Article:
When on your stomach, you’re putting pressure on your neck and spine. The best way to offset this is by putting a pillow under the bottom half of your stomach. If you choose to sleep in this position and want a pillow by your head, you’ll want to choose the thinnest pillow possible.
This technique helps you ensure that your spine is aligned, which is essential if you choose this sleeping position.
Sleep on Your Back
If you can’t fall asleep without lying on your back, you’ll want to put a pillow underneath your legs.
Depending on the source of your discomfort, you may also be able to sleep in a reclined position. While the most convenient way to do this is typically in a chair, in the long run you’re better off getting an adjustable bed.
This gives you more support, while also allowing you to sleep in that reclined position.
Is Back Discomfort at Night a Red Flag?
Back discomfort comes with numerous potential causes, so there’s no need to be alarmed. At the same time, feeling this discomfort at night can be one of several indicators pointing to a more serious issue.
The following are aspects of discomfort specific to your lower back which may speak to a larger issue:
- You experience it outside the ages of 18-50.
- It never stops, lasting longer than six weeks.
- You’ve previously experienced major trauma.
- You’re only experiencing it at night, when lying down.
- You experience it regardless of your sleeping position or the mattress you’re using.
Essentially, lower back discomfort is common, so you shouldn’t be alarmed if you’re experiencing it at night. However, it’s important to be mindful of other symptoms, which can give you a better idea of what’s causing your discomfort.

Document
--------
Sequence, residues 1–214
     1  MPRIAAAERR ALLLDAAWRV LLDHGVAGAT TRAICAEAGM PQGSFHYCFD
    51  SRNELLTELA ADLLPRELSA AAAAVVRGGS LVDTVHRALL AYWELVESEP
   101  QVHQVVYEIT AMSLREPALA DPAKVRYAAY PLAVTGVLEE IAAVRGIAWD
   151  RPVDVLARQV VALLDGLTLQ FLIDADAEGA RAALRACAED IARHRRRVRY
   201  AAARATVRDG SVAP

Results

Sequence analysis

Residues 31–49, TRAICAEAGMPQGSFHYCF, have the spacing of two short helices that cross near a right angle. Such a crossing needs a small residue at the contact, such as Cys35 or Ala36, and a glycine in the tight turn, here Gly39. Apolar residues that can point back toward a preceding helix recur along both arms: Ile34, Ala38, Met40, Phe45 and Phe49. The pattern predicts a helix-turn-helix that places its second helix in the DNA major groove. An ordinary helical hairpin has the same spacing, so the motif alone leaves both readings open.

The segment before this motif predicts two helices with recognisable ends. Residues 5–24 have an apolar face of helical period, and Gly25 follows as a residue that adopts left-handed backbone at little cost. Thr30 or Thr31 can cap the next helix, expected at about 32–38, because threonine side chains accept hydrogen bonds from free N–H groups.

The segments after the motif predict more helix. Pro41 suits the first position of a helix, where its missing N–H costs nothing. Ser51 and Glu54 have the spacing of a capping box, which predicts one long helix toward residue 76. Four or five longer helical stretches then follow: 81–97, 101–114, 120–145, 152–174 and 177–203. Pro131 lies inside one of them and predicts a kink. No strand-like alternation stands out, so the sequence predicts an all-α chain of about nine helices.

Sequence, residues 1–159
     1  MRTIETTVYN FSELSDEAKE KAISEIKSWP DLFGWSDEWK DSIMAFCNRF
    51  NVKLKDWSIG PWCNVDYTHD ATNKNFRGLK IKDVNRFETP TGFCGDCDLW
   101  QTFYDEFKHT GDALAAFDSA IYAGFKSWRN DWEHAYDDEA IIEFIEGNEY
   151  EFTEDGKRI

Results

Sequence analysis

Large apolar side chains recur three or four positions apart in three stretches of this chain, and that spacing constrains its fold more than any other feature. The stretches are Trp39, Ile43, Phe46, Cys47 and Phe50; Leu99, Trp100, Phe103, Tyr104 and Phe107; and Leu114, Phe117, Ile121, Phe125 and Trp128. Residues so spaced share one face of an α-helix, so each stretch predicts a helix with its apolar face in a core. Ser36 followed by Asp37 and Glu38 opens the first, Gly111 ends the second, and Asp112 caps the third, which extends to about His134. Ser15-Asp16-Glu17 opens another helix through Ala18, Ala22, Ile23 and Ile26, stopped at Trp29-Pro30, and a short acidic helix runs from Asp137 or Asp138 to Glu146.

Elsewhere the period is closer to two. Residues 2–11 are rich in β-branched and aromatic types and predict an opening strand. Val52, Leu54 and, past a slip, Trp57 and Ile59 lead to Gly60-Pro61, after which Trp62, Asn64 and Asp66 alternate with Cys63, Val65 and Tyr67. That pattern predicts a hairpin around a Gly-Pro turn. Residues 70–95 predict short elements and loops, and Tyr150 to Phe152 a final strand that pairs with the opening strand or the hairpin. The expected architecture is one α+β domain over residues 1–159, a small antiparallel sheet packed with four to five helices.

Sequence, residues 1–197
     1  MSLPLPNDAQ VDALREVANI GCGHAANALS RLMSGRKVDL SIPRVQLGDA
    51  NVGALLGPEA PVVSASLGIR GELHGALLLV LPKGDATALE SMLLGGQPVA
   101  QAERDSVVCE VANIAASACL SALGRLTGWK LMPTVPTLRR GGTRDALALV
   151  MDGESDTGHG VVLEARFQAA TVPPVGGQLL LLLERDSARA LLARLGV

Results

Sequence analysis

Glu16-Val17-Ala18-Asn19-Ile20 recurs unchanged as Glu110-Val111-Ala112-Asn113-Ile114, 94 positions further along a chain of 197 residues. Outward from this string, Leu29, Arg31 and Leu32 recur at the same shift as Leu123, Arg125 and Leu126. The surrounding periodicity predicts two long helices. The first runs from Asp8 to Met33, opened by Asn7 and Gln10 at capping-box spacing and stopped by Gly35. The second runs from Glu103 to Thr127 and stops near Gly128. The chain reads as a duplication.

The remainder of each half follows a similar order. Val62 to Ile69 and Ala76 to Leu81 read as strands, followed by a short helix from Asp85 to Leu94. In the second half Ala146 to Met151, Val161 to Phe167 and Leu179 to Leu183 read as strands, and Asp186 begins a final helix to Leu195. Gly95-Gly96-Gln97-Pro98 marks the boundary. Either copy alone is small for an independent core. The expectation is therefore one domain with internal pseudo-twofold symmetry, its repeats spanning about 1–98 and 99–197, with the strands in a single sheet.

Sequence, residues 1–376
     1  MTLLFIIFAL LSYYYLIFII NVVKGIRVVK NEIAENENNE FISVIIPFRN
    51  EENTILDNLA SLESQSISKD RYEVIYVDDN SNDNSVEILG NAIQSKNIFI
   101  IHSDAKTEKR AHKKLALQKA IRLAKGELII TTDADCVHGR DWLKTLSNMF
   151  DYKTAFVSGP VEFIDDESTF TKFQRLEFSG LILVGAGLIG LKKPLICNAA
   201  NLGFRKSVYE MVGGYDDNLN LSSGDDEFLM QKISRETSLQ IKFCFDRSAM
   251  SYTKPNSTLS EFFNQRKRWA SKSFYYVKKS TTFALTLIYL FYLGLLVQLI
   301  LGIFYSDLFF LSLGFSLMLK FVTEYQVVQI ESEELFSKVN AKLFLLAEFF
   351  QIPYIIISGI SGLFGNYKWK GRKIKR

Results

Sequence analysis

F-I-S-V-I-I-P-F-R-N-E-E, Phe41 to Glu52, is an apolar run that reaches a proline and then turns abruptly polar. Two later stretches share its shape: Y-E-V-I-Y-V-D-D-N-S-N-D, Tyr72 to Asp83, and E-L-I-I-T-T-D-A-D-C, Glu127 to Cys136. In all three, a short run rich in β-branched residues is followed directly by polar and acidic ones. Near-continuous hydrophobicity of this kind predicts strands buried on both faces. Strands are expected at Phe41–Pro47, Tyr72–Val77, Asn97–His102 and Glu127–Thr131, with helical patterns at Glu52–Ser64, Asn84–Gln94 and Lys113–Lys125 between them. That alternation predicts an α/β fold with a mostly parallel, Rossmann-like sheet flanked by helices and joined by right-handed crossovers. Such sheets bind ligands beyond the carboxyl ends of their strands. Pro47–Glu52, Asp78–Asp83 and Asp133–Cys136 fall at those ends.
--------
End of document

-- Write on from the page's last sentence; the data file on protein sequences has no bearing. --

If you feel you have a medical issue, you should get a diagnosis from a medical professional.
Does Lower Back Discomfort Get Worse with Age?
As people get older, they tend to lose both bone mass and muscle. This progression, combined with other processes like the thinning out of your spinal cord, often contributes to back discomfort.
There are many things you can do to stall this change, such as engaging in regular physical activity and eating a healthy diet. As well, practitioner-assisted stretching can help you maintain your range of motion, ensuring that you don’t lose it as you age.
What Can I Do to Lessen My Lower Back Discomfort?
There are many ways to soothe your lower back discomfort. If you think this may be a medical issue, it’s worth speaking with a medical professional. Otherwise, you’ll want to find a technique that can help address the discomfort.
Practitioner-assisted stretches for lower back discomfort are ideal here, since they’re non-invasive. A professional will also be able to give more detailed, personalized advice to you based on what they’re seeing.
At StretchZone, our practitioners work with patients to design unique stretch programs for each client. They also listen to the client, understanding which stretches feel good and which one’s cause discomfort.
This helps increase your range of motion, limbering you up and making your body more resilient.
Looking for Practitioner-Assisted Stretches for Lower Back Pain?
StretchZone is here for you. For decades, we’ve been helping people relieve their lower back discomfort. Our practitioners are trained to help you benefit from the many benefits that stretching can cause. Even better, our studios can be found across the country, meaning it’s more convenient than ever to find a stretch practitioner.
Are you ready for a free 30-minute stretch session? If so, please don’t hesitate to book it today. We’re always happy to help newcomers see what a difference practitioner-assisted stretching can make.